By ROBERTO D’ONOFRIO
Following the success of their dark thriller The Oak Room, Black Fawn Films, the independent Canadian company founded in 2008 by Chad Archibald with Cody Calahan, Chris Giroux, and Jeff Maher, has returned with another hugely entertaining blood-soaked tale: VICIOUS FUN, directed by Calahan and penned by screenwriter James Villeneuve. The film follows Joel (Evan Marsh, Shazam), the deputy assistant editor for Vicious Fanatics, a horror magazine. Secretly infatuated with his roommate, Sarah (Alexa Rose Steele), he follows her new boyfriend Bob (Ari Millen) to a local bar and, after getting drunk, ends up passing out in a closet. When he wakes up, he is misidentified as the missing member of a therapy group for serial killers and will have to rely on his wits and horror know-how to make it through the night alive.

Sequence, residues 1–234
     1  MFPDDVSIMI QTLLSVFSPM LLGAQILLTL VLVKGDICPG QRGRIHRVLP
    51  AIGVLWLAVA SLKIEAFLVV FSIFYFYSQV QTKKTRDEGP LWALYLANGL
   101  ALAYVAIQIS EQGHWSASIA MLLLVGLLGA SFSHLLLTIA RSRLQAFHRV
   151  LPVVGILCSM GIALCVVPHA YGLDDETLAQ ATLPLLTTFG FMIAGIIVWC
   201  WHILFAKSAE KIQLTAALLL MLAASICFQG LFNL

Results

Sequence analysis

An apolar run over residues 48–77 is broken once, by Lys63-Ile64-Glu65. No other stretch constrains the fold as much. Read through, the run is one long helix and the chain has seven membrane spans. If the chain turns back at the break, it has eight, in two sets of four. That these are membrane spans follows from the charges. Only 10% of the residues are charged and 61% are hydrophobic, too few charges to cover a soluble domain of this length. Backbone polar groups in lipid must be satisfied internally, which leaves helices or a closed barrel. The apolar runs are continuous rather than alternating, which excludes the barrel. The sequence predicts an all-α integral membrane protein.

Blending comedy, thriller, horror, and action elements, VICIOUS FUN lives up to its title, delivering escalating sequences of gory, inventive deaths. Rue Morgue sat down with Calahan and co-founder/producer Chad Archibald to learn about the founding of Black Fawn Films and the film’s journey from concept to release.
Black Fawn Films seems to be very busy these days! In 2020 alone, you produced both The Oak Room and VICIOUS FUN, both directed by Cody. How did the company come about?